Jewel: "That was like watching an exorcism. Like an exorcism of a boring demon out of a boring person who just figured out they have zero personal agency."
Jes continues to hurl herself around like a nutbar screaming about what a pushover she is, as though she just noticed this fact. Brian and Scotty stare, eyes wide, as the exorcism continues. There is something not entirely authentic about this fit she's throwing, which I think adds to the trainwreck aspect. It's suspect and more than a little creepy. Nick tries to offer words of "encouragement" about how sometimes it's better to be a dick, and she tells him to fuck off because nobody wants to hear it. Sonyae just kind of giggles and watches her act crazy; they're all shocked that she's even having, like, an opinion. It's both boring and unpleasant at the same time.
What's intriguing to me is that she's basically performing the deal with their songs right now. We are socialized, especially those of us who sleep with men, to equate being "nice" with never saying no. There are plenty of sneaky ways to assert power that don't break that rule, but that rule is a real thing. The system's been gamed that way for the entirety of human existence: For even a provisional amount of determining power you have to sneak under the radar by pretending to be a passive idiot. If being gay weren't so terribly demeaning, weren't just as bad as being a woman, maybe Nick wouldn't be so stressed about it.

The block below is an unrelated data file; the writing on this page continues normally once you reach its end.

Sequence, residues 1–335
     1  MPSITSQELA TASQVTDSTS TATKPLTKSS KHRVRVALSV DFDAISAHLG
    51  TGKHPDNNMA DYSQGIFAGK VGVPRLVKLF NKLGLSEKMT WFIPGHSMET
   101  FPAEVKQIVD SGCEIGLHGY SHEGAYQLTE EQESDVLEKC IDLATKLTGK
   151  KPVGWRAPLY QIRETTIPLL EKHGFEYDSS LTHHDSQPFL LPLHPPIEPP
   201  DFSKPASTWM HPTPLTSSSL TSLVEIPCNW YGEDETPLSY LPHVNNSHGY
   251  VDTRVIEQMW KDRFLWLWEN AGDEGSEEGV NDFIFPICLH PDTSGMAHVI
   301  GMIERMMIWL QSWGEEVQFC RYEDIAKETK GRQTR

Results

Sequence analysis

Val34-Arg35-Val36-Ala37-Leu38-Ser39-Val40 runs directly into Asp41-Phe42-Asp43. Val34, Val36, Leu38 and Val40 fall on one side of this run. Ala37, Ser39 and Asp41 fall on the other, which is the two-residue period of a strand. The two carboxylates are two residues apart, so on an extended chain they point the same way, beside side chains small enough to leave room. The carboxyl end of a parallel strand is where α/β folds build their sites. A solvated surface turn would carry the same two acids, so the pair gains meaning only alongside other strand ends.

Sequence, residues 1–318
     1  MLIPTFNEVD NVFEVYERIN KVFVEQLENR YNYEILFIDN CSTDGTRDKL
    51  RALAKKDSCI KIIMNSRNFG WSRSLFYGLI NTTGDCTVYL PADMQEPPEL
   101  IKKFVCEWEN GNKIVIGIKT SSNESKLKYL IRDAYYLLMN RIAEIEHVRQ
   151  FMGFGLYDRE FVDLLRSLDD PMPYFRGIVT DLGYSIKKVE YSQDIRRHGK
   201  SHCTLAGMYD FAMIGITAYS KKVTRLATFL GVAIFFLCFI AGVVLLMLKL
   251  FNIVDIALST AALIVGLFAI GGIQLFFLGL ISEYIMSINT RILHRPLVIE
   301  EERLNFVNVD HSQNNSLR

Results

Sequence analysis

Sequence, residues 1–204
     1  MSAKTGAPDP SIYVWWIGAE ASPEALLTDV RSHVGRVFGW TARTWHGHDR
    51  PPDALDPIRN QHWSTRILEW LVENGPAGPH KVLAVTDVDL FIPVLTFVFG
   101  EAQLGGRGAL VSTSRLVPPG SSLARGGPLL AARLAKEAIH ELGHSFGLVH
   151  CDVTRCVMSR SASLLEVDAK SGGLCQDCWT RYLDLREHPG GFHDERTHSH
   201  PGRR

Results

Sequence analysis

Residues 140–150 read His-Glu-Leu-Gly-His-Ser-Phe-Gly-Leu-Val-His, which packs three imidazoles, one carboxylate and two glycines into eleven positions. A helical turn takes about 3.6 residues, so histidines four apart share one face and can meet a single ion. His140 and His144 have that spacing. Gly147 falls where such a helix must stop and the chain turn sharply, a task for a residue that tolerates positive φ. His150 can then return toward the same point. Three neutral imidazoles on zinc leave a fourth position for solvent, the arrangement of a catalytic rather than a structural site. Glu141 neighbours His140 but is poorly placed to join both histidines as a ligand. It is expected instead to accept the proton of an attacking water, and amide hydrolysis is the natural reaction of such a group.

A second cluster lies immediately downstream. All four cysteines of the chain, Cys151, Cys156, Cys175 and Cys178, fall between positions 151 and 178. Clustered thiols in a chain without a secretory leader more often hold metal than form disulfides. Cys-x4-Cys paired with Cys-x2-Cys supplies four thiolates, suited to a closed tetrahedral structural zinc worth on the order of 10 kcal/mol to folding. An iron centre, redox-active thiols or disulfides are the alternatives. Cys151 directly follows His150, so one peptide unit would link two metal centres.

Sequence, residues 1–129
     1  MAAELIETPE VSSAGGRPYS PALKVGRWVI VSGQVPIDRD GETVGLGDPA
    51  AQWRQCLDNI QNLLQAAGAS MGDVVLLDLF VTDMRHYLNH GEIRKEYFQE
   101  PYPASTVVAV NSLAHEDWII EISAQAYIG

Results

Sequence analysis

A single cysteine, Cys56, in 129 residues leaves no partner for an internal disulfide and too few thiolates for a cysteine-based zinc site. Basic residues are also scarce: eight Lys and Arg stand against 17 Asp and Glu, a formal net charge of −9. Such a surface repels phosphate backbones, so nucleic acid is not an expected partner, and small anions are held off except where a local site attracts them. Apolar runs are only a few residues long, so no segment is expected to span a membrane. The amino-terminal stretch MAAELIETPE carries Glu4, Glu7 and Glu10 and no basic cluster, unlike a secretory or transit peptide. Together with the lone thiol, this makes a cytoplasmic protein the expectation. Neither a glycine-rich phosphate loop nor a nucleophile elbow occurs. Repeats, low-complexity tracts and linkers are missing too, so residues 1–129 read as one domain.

That's actually why "What It Feels Like For A Girl" was the first song I thought of, because it's literally about that: When you're trying hard to be your best/ Could you be a little less? Whether you're a gay dude or a straight chick, being Paris Hilton is always the easiest exit strategy to avoid that kind of pressure, because you're the only one capable of fucking up the real good system men have going, so don't rock the boat and don't ever say No.
And Scott's whole song was about trading that begrudging acceptance for personal sovereignty, which is a discovery that is pretty much a miracle every time it happens: If you can learn to equate the pressure to be "nice" with being victimized, which is what it actually is, you can take it apart in your own life and see the deals being made that you didn't even know you were making.